9. Offer to teach classes or hold your own workshop. You get some money for your efforts, while building your exposure.
10. Depending on your niche and topic, get an organization to commit to buying 100 copies of your book. Include that letter of commitment with your book proposal. For example, if you wrote an inspirational story about a sales person. Might not any large company like IBM think this would be a great book for their sales training…or to inspire new employees?
One word of caution. All these suggestions will take time to implement. And once implemented, you will have very little time for what you really want to do…and that is write. So, guard your time wisely. Think out your game plan…get your family to help…then, put it into ACTION.
As we approach the new year, I see that I have made only baby steps in my writing attempts. I’m embarrassed that I have not written an entry in this blog since September. No excuses. I got swept up in my old habits and let time slip through my fingers.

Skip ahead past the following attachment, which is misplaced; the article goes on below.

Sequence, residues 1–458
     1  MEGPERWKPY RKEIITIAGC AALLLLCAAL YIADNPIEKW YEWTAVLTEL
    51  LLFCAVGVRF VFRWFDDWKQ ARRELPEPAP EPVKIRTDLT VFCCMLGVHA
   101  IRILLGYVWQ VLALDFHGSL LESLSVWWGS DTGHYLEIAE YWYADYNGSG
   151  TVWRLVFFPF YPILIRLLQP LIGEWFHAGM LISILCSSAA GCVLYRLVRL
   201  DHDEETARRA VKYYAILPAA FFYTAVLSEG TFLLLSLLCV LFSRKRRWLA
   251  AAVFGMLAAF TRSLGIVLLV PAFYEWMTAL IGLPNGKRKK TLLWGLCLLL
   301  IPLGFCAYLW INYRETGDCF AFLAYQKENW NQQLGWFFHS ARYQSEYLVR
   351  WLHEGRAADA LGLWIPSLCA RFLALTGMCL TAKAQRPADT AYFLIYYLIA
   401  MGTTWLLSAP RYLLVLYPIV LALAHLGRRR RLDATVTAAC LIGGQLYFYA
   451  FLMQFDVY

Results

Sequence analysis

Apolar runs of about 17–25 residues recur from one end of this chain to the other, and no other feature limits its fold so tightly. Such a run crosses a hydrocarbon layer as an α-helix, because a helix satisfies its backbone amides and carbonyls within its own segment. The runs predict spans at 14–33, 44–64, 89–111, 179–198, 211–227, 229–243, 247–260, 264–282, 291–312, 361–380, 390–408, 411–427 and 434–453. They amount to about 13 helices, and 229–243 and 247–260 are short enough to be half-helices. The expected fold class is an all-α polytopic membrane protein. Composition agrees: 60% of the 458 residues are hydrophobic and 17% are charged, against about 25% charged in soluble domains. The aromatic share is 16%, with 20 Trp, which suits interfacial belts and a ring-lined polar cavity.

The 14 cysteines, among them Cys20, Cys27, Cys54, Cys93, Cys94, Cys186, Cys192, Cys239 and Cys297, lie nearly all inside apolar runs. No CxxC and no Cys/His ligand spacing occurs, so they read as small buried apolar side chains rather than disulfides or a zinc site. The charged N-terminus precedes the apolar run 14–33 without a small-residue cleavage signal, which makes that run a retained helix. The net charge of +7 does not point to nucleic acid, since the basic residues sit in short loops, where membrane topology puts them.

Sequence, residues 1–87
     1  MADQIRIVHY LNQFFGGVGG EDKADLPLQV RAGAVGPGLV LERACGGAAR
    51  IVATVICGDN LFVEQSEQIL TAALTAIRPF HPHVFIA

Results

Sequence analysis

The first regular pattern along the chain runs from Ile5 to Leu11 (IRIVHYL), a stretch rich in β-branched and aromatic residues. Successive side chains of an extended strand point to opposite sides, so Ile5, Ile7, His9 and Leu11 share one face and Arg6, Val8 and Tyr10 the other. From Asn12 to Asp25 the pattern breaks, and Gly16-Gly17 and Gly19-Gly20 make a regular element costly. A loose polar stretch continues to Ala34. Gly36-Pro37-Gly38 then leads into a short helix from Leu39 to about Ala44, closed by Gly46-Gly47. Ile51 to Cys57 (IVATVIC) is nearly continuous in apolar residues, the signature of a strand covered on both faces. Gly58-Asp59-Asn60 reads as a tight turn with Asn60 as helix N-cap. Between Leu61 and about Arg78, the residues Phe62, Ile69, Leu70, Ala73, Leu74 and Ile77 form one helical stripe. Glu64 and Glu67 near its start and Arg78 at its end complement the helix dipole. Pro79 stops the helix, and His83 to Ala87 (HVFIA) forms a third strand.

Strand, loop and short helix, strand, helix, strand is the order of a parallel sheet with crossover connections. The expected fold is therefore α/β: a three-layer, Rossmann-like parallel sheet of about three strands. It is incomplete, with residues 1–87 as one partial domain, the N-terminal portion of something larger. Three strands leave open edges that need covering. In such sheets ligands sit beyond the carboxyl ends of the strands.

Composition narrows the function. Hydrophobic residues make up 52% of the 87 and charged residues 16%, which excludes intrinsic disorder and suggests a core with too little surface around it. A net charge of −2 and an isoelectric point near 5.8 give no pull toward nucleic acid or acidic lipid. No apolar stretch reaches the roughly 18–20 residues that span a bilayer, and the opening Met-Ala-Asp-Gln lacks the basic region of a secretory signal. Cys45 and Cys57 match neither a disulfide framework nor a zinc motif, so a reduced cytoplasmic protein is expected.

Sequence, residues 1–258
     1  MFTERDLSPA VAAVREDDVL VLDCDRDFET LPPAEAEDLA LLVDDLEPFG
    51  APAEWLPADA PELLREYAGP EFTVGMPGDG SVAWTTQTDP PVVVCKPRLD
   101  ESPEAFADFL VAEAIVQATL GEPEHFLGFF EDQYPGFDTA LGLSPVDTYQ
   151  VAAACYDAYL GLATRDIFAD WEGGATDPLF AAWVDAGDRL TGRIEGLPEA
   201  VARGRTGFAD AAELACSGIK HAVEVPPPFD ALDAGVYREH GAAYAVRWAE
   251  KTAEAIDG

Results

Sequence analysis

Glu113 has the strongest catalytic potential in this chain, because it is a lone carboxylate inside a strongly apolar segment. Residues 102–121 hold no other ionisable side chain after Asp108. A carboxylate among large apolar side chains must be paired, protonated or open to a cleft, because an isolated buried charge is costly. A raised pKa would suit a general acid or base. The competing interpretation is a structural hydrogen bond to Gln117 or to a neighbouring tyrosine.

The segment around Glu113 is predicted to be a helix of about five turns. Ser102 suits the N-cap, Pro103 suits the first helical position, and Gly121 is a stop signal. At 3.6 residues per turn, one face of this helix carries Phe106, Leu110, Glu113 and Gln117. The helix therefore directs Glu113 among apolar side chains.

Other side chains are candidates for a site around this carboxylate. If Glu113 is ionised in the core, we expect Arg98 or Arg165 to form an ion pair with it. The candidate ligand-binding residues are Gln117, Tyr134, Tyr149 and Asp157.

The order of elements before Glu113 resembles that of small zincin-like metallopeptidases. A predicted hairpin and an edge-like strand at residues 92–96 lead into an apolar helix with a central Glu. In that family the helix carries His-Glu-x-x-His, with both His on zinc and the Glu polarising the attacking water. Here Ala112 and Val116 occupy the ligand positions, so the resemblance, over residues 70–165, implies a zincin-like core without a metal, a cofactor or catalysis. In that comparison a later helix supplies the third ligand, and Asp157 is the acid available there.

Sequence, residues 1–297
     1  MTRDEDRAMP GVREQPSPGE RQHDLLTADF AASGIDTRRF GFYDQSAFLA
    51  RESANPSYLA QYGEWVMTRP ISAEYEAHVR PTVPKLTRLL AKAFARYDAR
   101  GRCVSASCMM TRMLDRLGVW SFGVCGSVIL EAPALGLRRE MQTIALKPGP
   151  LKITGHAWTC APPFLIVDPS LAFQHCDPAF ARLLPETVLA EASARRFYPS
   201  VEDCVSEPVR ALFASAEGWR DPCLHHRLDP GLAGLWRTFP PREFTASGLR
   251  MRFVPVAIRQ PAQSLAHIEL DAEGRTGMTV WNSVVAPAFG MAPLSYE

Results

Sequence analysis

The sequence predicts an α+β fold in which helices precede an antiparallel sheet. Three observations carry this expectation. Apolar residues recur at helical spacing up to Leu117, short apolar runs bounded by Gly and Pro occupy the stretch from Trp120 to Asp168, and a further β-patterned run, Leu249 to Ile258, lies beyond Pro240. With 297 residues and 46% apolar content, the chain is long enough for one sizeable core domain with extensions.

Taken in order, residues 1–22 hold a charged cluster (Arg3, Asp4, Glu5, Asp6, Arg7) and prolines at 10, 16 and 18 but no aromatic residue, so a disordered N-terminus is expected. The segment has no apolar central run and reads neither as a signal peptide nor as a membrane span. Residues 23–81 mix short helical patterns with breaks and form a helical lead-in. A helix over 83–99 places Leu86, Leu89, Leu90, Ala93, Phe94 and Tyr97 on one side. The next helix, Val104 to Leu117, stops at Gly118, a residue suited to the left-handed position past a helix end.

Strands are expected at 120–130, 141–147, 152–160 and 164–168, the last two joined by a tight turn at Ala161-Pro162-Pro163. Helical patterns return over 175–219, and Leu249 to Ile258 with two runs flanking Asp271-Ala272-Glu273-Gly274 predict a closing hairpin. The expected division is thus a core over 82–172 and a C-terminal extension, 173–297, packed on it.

If you are in need of some serious motivation to break old habits, shake things up a bit because your answer to Dr.Phil’s “How is that working for you?” has you shaking your head, I recommend reading James Arthur Ray’s book Harmonic Wealth. Yes, he is the same dude that is under investigation for deaths at his retreat in Sedona, AZ. (I am not sure why people don’t use common sense when trying new things. People, huddled in a sweat tent, must have known that they were subjecting their bodies to the same environment that animals face locked in a parked car for hours in the summer.) Anyway, if we can surf past this event, and discover what Ray has to say, you might find that there is relevance in his life philosophy and message.